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Few people who design or develop websites have training in human factors, ergonomics, human-computer interaction, or human perception. As a result, the Web is full of sites that rely on subtle color differences to convey important information. Such sites cause problems for a large number of users, for several reasons:
Color blindness. A significant proportion of the general population has some sort of color blindness. Approximately 10% of men do, and although the percentage is much lower for women, it is not zero. Colorblindness is an inability to distinguish certain colors. The most common form of colorblindness is red-green, with blue-yellow a distant second.
Poor ability to distinguish pale colors. For all people, the paler (less saturated ) two colors are, the harder it is to tell them apart.
Variation between color displays. Computer monitors vary in how they display colors. Something that looks yellow on one display may look beige on another. Colors that are clearly different on one monitor may look almost the same on another.
Gray-scale displays. As more personal digital assistants (PDAs), mobile phones, and other appliances are used to access the Web, the number of gray-scale displays displaying websites will increase.
Display angle. Some computer monitors, particularly liquid crystal display (LCD) ones, work much better when viewed straight on than when viewed from an angle. When LCD monitors are viewed at an angle, colors-and color differences-often are altered .
A good example of relying on subtle color differences comes from ITN.net, an online travel subsidiary of American Express. The site allows customers to make airline reservations . Making an airline reservation takes several steps. While a reservation is being made, the site shows all the steps across the top of the page and marks the current step in a different color (Figure 8.23). The problem is that the color that marks the current step is so subtle that many people, either because of their vision or because of their computer display, won't be able to see it. Can you?
Perhaps the most common use of color on the Web is to distinguish unfollowed links from already-followed ones. As discussed in the previous chapter, sites in which links don't change color when followed are committing a blooper (see Chapter 7, Blooper 53: Been There, Done That? Can't Tell). If a site sets different colors for unfollowed and followed links, it technically avoids that blooper. However, if the two colors are so similar that users can't tell them apart, the site is committing the blooper of relying on color differences that are too subtle.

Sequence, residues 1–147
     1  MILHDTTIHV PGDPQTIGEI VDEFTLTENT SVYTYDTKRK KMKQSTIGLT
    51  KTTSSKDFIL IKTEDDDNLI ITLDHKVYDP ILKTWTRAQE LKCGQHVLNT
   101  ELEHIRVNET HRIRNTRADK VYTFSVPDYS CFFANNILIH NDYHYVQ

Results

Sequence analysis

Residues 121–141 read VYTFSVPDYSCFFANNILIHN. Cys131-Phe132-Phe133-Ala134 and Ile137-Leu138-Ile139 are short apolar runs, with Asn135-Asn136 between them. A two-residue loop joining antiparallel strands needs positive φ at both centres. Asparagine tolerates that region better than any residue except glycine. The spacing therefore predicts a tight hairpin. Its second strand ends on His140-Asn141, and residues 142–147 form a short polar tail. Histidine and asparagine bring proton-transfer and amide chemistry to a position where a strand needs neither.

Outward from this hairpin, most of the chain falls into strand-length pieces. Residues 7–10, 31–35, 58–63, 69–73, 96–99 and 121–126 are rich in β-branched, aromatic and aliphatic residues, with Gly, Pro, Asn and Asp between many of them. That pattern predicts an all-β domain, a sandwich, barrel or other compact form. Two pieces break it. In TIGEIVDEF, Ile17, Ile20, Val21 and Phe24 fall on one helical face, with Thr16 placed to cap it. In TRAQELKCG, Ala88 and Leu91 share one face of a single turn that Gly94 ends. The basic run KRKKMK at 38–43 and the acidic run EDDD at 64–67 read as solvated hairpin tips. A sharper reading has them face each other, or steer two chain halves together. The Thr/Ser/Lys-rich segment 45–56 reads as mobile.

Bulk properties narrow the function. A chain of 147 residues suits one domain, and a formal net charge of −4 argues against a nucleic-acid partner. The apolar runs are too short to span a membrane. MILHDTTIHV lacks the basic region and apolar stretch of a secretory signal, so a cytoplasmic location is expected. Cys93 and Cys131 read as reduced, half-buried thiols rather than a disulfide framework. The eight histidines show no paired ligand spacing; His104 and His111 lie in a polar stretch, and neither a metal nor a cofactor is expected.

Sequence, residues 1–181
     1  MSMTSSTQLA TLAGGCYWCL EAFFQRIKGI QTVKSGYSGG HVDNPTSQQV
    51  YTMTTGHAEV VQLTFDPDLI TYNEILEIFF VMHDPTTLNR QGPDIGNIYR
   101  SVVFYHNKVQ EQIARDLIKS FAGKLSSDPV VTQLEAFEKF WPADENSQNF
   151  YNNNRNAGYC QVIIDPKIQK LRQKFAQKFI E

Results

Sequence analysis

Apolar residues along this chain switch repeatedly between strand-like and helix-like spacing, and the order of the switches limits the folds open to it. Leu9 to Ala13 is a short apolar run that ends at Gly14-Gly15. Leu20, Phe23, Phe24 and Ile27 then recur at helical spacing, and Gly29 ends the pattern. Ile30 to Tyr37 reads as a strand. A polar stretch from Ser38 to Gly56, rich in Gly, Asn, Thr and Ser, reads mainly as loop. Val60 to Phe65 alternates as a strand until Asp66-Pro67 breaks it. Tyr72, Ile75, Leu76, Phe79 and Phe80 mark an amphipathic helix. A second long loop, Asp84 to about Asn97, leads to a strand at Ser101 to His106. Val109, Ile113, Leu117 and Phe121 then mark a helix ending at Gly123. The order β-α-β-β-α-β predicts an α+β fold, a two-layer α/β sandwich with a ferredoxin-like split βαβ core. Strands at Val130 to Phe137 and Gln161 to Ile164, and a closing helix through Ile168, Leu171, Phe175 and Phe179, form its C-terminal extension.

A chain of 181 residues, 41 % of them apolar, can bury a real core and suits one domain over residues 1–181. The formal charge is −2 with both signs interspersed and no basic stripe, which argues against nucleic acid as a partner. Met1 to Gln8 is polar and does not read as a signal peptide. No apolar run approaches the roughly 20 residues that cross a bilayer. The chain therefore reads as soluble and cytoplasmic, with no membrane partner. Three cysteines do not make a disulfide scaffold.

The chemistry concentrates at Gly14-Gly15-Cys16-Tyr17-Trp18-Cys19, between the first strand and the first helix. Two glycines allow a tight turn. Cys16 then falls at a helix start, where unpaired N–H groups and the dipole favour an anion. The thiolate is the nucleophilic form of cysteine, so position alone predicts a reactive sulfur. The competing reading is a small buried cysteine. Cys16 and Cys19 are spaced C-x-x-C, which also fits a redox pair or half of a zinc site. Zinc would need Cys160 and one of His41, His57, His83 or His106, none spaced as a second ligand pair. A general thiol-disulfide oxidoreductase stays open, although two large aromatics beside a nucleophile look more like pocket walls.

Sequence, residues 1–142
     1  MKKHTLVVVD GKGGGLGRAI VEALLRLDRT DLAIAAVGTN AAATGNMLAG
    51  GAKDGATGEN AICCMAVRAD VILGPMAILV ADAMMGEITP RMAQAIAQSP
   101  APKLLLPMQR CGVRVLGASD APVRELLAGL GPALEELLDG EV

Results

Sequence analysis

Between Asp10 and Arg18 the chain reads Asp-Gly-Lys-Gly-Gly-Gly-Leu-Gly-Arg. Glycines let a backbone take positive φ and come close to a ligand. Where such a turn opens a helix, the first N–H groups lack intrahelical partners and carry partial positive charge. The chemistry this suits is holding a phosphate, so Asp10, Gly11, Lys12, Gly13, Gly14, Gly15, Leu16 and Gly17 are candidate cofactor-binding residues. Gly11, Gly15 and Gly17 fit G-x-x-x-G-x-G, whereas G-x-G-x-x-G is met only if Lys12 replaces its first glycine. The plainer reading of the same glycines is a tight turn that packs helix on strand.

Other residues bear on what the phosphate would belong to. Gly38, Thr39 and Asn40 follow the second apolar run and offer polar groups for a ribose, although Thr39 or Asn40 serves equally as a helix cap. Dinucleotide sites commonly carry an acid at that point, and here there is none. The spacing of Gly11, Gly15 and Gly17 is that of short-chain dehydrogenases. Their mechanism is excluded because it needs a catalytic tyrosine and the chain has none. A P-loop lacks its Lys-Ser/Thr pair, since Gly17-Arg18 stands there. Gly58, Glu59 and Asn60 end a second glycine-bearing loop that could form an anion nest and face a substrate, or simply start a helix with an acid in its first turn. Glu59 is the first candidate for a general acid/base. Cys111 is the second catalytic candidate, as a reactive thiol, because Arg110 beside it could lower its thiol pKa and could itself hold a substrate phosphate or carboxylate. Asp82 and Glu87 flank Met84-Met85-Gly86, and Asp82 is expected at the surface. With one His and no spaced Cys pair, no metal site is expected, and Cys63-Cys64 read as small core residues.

For example, consider a navigation bar at Connectix.com (Figure 8.24). Can you tell which two links have been traversed?  Not only are the two colors too similar, but the only thing colored is the text characters , which are very thin and so don't provide much area for showing the color. Color patches are harder to distinguish the smaller they are, but this is not widely known among Web designers and developers. The result is websites with colored lines 1-pixel thick and colored text in small nonbold fonts, making colors virtually indistinguishable.
The preceding examples of relying on subtle color differences were concerned with navigation in websites. Color is also often used-and abused-to convey information in Web content.
The Federal Reserve Bank of Chicago provides a graph showing how short- term interest rates have fluctuated in recent years . It actually graphs three rates: Federal Funds rate, Discount rate, and 3-month T-bill rate (Figure 8.25). Each quantity is plotted in its own color. The problem is that some visitors to the site will have trouble distinguishing the colors, especially the red versus the blue. Compounding the problem is that the color patches shown in the color legend are so small that they won't help many people.
The blooper-"relying on subtle color differences"-can be avoided in two ways, each focusing on a different key term in the blooper:
Don't rely solely on color. Use color redundantly with other cues. If you use color to mark something, mark it in another way as well.
Avoid subtle color differences. Make the color differences gross enough that they are unmistakably different. Colors should differ in saturation and brightness as well as in hue. One way to test whether colors are different enough is to print them on a gray-scale printer. If you can't tell the colors apart when printed in grays, they aren't different enough (Brinck, Gergle, and Wood, 2001).
Following these guidelines, I strengthened the marking of the current step at ITN.net (Figure 8.26). Instead of relying solely on color, I used both color and a bold outline around the step's number and name , so even a colorblind person could see what step he or she was on. I also used a very unsubtle yellow instead of beige as the marking color, to draw users' attention.
Another graph at the Federal Reserve Bank of Chicago uses gray-scale "colors" to show how the average annual income varies across the United States (Figure 8.27). This is a well-designed graph. Any sighted person could read it, even people with colorblindness, a gray-scale display, or a faulty color monitor.
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